“Radio Miraya rocks!” That’s how listeners in the new Republic of South Sudan feel about the radio’s coverage of the July 9 independence celebrations. Miraya’s editorial team pulled out the stops to provide special coverage. Everyone gave of their best for this historic occasion and the result lived up to expectations of the radio station, a partnership between Fondation Hirondelle and the United Nations mission in South Sudan.
“Three, two, one, zero: Happy Independence Day! The Republic of South Sudan is born!” It’s midnight on Saturday July 9. Shivers run down the spines of all those in Miraya’s A studio. Senior editor Gabriel Shadar goes on air to announce the birth of the Republic of South Sudan. Outside, cries of joy and honking car horns signal that the party has started. Radio Miraya’s switchboard is inundated with calls from all over the country. Listeners from Wau, Nimule, Juba, Kajo Keji all want to express their joy. Journalist Nelson Lwak, normally so serious on air, and news presenter Emmanuel Kele become interactive hosts for a night (they have in any case spent the whole evening at the radio for security reasons). Miraya broadcasts the national anthem of South Sudan and all is set for a unique day of radio coverage.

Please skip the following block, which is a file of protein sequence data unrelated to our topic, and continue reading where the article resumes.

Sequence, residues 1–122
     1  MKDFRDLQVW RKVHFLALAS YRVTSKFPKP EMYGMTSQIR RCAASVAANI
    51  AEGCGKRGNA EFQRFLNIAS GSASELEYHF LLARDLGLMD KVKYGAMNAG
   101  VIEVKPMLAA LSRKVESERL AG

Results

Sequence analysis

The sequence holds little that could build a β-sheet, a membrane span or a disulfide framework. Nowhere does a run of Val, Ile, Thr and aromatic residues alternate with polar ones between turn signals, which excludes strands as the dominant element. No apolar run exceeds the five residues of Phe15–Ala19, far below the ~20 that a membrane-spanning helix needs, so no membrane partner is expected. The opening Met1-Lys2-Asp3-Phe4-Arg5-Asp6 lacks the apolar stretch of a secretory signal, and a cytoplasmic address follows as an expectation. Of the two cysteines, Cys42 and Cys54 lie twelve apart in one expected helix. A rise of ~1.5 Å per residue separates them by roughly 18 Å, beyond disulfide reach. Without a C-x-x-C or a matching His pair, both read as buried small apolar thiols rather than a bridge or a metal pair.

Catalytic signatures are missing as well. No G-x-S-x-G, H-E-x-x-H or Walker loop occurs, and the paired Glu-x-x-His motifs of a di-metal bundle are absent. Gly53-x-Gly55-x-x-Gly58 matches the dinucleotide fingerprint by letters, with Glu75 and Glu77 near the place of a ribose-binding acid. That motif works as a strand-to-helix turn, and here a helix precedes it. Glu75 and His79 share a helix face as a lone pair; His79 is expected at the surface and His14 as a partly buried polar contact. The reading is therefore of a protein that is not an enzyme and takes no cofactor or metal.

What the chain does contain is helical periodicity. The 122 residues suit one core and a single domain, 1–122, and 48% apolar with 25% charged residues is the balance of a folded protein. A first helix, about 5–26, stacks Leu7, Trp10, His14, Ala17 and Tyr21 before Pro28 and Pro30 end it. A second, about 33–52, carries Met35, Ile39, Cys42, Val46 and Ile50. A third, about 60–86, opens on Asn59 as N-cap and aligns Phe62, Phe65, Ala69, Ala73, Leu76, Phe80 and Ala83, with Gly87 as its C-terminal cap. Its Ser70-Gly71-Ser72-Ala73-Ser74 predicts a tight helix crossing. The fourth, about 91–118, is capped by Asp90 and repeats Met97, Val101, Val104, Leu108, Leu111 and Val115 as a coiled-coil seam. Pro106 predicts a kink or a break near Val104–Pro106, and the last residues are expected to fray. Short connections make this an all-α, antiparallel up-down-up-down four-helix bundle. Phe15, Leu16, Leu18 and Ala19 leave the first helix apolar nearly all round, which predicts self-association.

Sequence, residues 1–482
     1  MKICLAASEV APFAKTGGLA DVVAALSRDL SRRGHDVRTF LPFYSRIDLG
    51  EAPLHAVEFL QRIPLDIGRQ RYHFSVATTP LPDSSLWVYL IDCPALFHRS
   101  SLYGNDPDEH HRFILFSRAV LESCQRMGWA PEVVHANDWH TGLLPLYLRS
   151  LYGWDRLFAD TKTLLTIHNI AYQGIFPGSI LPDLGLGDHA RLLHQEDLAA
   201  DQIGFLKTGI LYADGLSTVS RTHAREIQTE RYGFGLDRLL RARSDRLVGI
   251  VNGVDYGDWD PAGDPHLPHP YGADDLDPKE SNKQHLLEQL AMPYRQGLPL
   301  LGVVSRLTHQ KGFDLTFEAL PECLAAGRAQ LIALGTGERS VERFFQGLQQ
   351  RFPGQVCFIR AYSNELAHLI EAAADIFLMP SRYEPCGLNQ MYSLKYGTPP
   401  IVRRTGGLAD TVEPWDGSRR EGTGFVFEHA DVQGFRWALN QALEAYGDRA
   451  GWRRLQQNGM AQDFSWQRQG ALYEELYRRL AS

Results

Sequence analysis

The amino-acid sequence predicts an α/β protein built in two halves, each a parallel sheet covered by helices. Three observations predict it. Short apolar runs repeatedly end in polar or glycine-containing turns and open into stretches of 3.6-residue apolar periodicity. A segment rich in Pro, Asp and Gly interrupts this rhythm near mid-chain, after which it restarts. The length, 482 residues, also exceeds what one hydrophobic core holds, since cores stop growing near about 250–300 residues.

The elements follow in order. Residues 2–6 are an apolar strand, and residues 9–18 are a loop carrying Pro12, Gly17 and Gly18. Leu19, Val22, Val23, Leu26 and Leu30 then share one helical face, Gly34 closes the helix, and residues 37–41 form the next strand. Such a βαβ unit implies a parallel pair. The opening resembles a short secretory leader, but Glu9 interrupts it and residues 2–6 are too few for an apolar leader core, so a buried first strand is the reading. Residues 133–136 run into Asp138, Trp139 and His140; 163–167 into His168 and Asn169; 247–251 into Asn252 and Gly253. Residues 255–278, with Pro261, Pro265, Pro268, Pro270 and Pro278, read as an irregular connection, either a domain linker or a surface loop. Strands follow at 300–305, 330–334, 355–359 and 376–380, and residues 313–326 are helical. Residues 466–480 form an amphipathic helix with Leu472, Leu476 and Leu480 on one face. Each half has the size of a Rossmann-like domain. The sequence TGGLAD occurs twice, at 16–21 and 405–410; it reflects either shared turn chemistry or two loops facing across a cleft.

After the morning news read by journalism awardee Chance Baniko (UNICEF prize 2010), Radio Miraya receives two high level guests, UN Secretary General Ban Ki-Moon and Joseph Deiss, President of the UN General Assembly. Both are interviewed by Nelson Lwak… in spite of his sleepless night! Then at 10.00 the radio goes to the John Garang Mausoleum for the official celebrations. Technicians have managed to set up Radio Miraya’s outside broadcast van practically opposite the podium. Juba’s catholic radio station Radio Bakhita also broadcasts our special programming, since they do not have the same resources as Miraya.
Journalists Sheila Modi, Liza Taban and Sani Martin sit under a parasol (the sun is also out for the occasion!) on top of the van describing the historical events. At the same time, journalist Sebit Williams is walking about in the crowd, talking to those who have come. “Where are you now, Sebit?” asks Liza. In the thick of the crowd, the journalist lets a little girl painted with the six colours of the South Sudan flag express her happiness. Those who have suffered in the war are also there. With tears in their eyes, they cry out their joy. Although the official programme starts two hours late, Miraya has no problem filling the airtime. Buoyed up by the occasion, the team keeps coming up with new ideas.
At 12.37, the president of the legislative assembly proclaims the birth of South Sudan, watched over by the huge statue of John Garang, architect of the 2005 North-South peace accord. At 12.38 the flag of the new republic is raised as that of Sudan comes down. Radio Miraya broadcasts the enormous roar of the crowd across the whole of this new country. Its journalists and technicans hug each other and hold hands to sing the national anthem. Truly a moving and unforgettable day.
Jean-Luc Mootoosamy, project manager, Radio Miraya